What it takes to make it in digital health, based on companies that already have

A McKinsey report breaks down the six strategic steps taken by established players in digital health.
By Mallory Hackett
11:51 am
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A McKinsey report breaks down the six strategic steps taken by established players in digital health.

After the digital health sector raised $13.8 billion in capital last year, it’s no wonder that everyone from established life sciences companies to budding startups is looking for a way to break into the market.

Achieving success takes more than a clever idea though, and according to a McKinsey report based on the business strategies of six digital health startups, it takes six steps to build a lucrative digital health business.

Although a clever idea isn’t all it takes, it is the foundation of any successful business. For digital health companies, the starting point has to be identifying and addressing an unmet need within the healthcare system, according to McKinsey.

For the Internet-enabled cognitive behavioral therapy-provider Ieso Digital Health, that need was a shortage of cognitive behavioral therapists in the U.K. Instead of waiting months for an appointment, people can use the company’s ThinkWell platform, which uses secure real-time messaging to provide confidential therapy.

Once the target has been identified, the next step is to create an enjoyable user experience. Whether the end user is a patient, caregiver, healthcare provider or payer, a human-centered design is crucial for ensuring long-term engagement, the report said.

Companies can deploy a range of techniques to increase engagement, whether that’s a personified artificial intelligence coach like Happify Health’s therapist, called Ana, or by gamifying the experience with quizzes, avatars and rewards to engage users.

“User-centric design is a continuous process throughout a product’s life cycle,” the report said. “All of the companies we interviewed have adopted an agile working model, developing software in short, iterative cycles, testing it, and adapting it.”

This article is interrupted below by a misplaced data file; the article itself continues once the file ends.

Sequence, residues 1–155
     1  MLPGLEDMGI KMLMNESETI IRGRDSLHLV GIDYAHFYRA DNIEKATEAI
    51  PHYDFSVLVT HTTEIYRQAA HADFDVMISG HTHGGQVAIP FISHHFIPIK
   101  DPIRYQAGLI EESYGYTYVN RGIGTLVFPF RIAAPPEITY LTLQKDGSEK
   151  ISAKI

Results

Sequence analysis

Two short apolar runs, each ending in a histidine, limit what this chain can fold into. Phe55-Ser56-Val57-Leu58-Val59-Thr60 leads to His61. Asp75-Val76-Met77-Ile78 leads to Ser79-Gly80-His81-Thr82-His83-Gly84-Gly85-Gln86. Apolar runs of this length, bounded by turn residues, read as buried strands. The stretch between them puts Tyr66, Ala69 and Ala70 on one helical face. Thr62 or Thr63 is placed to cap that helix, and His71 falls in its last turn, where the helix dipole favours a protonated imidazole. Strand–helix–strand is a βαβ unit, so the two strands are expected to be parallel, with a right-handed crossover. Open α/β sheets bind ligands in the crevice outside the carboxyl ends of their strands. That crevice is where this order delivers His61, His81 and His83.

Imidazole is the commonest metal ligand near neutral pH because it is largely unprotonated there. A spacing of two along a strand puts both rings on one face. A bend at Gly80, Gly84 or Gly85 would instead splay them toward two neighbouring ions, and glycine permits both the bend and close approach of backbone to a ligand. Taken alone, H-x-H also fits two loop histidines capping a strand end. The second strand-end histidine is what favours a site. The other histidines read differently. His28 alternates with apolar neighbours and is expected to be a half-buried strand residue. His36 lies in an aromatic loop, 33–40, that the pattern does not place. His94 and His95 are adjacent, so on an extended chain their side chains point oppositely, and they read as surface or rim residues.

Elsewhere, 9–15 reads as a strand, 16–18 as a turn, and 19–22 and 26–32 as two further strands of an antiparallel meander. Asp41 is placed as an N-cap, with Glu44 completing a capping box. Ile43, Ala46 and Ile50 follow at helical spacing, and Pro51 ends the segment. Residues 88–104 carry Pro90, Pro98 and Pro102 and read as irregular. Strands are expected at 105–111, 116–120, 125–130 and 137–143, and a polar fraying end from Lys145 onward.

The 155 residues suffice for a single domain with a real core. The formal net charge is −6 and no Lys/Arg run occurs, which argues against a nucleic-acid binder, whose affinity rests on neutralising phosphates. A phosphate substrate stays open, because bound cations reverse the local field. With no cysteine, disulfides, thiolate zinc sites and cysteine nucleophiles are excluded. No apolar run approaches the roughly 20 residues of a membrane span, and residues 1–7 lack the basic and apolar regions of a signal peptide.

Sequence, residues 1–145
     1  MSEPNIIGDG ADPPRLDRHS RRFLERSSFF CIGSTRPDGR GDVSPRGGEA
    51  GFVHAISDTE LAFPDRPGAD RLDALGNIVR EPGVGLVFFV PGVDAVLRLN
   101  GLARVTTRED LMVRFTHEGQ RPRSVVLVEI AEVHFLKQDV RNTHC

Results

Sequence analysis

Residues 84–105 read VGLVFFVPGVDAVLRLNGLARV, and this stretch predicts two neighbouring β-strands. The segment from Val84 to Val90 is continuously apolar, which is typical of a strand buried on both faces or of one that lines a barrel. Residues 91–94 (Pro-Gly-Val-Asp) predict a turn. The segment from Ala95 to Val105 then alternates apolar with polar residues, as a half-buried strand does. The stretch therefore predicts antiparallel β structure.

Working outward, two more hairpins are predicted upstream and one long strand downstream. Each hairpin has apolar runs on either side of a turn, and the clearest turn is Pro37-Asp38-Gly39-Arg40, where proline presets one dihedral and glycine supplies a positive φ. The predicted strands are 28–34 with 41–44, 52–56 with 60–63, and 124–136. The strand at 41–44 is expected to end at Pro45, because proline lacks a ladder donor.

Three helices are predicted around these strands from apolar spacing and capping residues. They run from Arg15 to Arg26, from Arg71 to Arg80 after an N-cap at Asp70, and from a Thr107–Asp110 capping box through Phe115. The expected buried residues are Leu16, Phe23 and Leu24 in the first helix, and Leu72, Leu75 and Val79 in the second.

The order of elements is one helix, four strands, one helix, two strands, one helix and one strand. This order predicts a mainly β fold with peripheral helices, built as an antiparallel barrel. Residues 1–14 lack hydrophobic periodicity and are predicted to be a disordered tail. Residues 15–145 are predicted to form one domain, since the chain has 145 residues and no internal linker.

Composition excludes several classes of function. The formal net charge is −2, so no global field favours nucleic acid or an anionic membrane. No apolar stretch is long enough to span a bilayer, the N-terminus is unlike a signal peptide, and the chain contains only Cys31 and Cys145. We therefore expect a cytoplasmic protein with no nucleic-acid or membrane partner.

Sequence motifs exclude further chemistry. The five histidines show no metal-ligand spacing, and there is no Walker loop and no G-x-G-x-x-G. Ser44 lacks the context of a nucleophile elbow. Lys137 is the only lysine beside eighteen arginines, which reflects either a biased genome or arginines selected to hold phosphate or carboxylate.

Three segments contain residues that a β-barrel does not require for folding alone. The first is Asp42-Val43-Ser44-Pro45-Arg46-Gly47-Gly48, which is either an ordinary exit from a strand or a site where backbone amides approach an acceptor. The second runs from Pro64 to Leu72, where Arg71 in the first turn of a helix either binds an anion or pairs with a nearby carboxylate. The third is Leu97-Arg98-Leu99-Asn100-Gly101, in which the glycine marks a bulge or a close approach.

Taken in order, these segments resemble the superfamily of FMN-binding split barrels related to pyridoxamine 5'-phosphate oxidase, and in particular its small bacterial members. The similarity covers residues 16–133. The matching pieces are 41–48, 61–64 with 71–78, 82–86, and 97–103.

Regardless of the expertise of the founding members, successful digital health companies will employ individuals with deep medical and technical backgrounds, according to the report.

Having team members with backgrounds in healthcare and technology allows digital health companies to have a better understanding of the disease and treatment paradigms, the regulatory approval process, back-end architecture development, data management and advanced analytics.

“It can be difficult to marry the two approaches, but doing so is critical for success,” the report said. “A hybrid model that adopts the technical world’s cross-functional working approach and culture is the way forward, but with the appropriate clinical and regulatory safeguards learned from the life sciences industry.”

Being able to prove the credibility of a digital health product is essential, according to the report.

One way of doing so is through regulatory approval, but the effort and time involved in that route can be a deterrent for some companies.

In fact, some experts suggest staying away from the Food and Drug Administration all together in 2021 as it deals with the workload of the pandemic.

If a company decides to hold off on approval like was the case with Happify Health, it could launch preapproval and then use the real-world data generated when seeking clearance, the report said.

Another key in gaining a competitive edge is to define a core asset and develop proprietary technology around that, according to the report. While most of the companies McKinsey looked at reported having a digital solution as their core asset, other options could be hardware or data.

The final piece that goes into a successful digital health company is its ability to scale.

There are a number of business models up for grabs in this space: prescription digital therapeutics, employers as the customer, payers as the customer, healthcare or pharmaceutical companies as the customer, or direct-to-consumer.

“Companies do not necessarily choose a single model and stick to it,” the report said. “Some find the right model through trial and error, and some transition to a new model as they build the business.”

Wherever companies choose to start, it’s important to focus on one area at launch and then begin growing, according to McKinsey.

For example, Pear Therapeutics began with products for addiction treatment before growing into different disease areas, as in the launch of Somryst for insomnia.

“To build a successful digital health business, each of the six building blocks should be considered,” the report said. “Every company’s journey will be unique, and past success does not guarantee future success. Nevertheless, those just setting out can learn from those that have gone before.”

 

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